I lunched with an old friend last week. I expected to have a fun time catching up with “the latest” about other friends and family. I did not expect a protracted gripe session about rudeness. What triggered it?
Seated at a table next to us were two young women, obviously well-to-do, spoiled and feeling entitled. They were upset with their server. He was not efficient enough. And they told him so. They were loud and unkind.
She told me of a similar scene she had recently witnessed when she dined with her unica hija. My friend wanted to confront the culprits and tell them off. But the daughter stopped her, mortified just thinking that her mother would end up in a verbal scuffle or worse.
“Why should I refrain from putting someone in his place? Why can’t I call it like I see it?” she asked me. “My daughter says it would be like adding insult to injury, and would make me no better than the coarse people I criticize.”
She went on. “There is no civility left in the world. Gross and arrogant people are all around us. These are the self-proclaimed pillars of leadership, all the time pretending to be paragons of intelligence. They are nothing but boors in expensive, branded clothes. I see no hope of ever restoring our old values. What has happened to us? How did we let our standards go so low? If no one speaks up, how will anything change?”
Her diatribes continued through dessert and coffee.
What is civility?
In my book, it is a sign of character. It reveals you, who you are, what you stand for, and quietly and graciously unveils what you stand against.
In the dictionary, civility is defined as “reasonable and respectable behavior.” It is courtesy, politeness and a show of good manners. It is speech or behavior that is a sign of good breeding. It displays consideration, decency, decorum and grace. It means deference, choosing someone else’s comfort or benefit ahead of your own.
Someone describes civility as the art and the act of caring for others. And it costs nothing.
One of the best statements on civility ever was made several years ago by one of my favorite broadcast journalists, Ted Koppel, in a commencement speech at Stanford University.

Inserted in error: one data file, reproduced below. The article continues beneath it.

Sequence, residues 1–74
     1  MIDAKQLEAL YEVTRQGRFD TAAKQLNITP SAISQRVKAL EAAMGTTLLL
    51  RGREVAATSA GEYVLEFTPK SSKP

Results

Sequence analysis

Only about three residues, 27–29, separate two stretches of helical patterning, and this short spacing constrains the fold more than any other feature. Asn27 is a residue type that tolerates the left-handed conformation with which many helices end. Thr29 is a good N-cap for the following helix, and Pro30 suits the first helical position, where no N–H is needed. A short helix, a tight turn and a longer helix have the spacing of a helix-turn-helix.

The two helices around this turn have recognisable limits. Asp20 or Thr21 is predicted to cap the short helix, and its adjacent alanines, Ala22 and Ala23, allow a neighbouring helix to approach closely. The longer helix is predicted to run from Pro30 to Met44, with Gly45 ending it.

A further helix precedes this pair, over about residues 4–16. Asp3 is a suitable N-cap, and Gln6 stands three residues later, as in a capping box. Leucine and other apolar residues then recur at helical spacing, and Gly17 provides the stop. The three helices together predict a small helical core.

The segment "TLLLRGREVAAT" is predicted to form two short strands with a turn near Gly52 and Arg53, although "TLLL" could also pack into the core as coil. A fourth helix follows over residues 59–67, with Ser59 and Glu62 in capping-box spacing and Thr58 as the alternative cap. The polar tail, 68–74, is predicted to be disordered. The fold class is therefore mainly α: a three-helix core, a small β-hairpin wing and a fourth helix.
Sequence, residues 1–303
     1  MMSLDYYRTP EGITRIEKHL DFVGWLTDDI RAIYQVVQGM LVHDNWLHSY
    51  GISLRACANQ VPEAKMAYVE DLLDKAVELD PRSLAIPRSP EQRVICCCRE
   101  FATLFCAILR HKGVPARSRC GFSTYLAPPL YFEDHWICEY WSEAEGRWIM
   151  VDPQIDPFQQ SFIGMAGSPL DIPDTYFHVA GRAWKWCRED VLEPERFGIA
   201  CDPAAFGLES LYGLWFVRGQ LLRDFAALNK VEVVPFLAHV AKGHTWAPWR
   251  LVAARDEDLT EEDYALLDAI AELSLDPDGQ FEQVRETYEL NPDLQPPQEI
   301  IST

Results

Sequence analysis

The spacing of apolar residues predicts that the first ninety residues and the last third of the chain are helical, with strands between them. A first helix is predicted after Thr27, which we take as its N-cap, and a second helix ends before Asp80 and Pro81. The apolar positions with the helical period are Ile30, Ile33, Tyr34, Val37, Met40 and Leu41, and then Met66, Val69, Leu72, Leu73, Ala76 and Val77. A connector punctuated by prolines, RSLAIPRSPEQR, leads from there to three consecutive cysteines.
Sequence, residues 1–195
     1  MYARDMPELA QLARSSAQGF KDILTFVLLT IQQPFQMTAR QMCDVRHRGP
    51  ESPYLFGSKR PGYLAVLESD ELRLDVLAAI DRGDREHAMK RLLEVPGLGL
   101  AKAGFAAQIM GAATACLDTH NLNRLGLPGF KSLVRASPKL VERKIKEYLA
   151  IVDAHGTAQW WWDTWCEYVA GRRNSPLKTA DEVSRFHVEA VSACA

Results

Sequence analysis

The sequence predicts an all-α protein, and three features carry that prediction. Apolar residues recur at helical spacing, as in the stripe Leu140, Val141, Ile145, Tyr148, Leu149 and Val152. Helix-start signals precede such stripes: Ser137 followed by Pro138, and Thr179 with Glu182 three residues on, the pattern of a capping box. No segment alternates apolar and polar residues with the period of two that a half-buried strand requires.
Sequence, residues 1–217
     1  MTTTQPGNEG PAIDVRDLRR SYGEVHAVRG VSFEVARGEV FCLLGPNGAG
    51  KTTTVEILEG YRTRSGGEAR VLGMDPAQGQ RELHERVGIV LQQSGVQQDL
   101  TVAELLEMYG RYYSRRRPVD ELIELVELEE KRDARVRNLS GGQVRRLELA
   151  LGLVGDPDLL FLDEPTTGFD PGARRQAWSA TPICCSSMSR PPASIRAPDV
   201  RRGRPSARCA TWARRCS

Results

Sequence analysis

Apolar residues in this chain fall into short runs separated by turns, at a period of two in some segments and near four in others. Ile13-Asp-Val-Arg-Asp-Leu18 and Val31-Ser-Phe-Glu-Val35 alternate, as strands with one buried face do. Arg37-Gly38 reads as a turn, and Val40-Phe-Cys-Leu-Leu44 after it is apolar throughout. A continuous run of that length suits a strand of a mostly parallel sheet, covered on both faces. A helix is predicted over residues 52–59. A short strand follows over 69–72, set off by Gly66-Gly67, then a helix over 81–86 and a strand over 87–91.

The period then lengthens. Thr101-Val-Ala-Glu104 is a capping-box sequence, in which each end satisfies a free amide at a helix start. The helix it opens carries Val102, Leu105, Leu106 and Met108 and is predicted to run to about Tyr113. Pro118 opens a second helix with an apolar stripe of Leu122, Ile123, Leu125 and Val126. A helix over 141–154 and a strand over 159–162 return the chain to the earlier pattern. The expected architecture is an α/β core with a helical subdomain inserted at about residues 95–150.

“Practice civility toward one another. Admire and emulate ethical behavior wherever you find it. Apply a rigid standard of morality to your lives, and if periodically you fail, as you surely will, adjust your lives, not the standards.”
Webster also gives us a list of antonyms. Rudeness is almost a catchall. It includes surliness, conceit, arrogance and vulgarity.
It is not respectful to push your way around just to get ahead, or to raise your voice to drown someone else’s right to speak. It takes character to consider the welfare of others before your own.
Today we live in a world that has no clue about civility.
British writer and playwright Samuel Johnson says: “When once the forms of civility are violated, there remains little hope of return to kindness or decency.”
I will not accept that.
Turning the tide
I believe we can still turn the tide. If we really care, we must refuse to go with the flow. If we push back and resist, things will change. They simply have to.
Let us begin by taking a stand against vulgarity. Humor does not have to be nasty or offensive to get a laugh.
We must start looking up again. Our sights have been down in the dirt too long. Many good people have succumbed to the squalor because it was too hard to fight. They say one can get used to the stench of garbage. I look around and sadly see that there could be some truth in that statement.
We must rise up! Now.
It was a “Binondo” weekend for my family. The Tsinoy musical was outstanding. Congratulations to the brilliant cast and production crew. I feel sorry for those who missed it.
While all the performances were excellent, almost flawless, something went awry on the last matinee. What happened is an actor’s worst nightmare.
In a highly emotional scene, the climax of the play, one actor flubbed his momentous dramatic lines.
Everyone froze. The actor turned his face away from the audience. How does one save the moment? One can’t.
The audience reacted, proof that everyone had been hanging on his every word. It sounded like a collective gasp.
It was deathly quiet in The Theatre at Solaire for a few seconds—an eternity for the actors.
There was nervous laughter. Then the crowd erupted in rounds of reassuring applause.
When the play resumed, it was as if nothing had happened. The story and the actors had moved on.
And when it was over, the audience paid loving homage to the amazing talent on and off the stage.
On the way home, I realized that life is very much like a stage play. No matter what you know, or how hard you try, you can still bungle it up or take a fall. What matters is that you get back up and move on.
“Don’t carry your mistakes around with you. Instead, place them under your feet and use them as stepping stones.”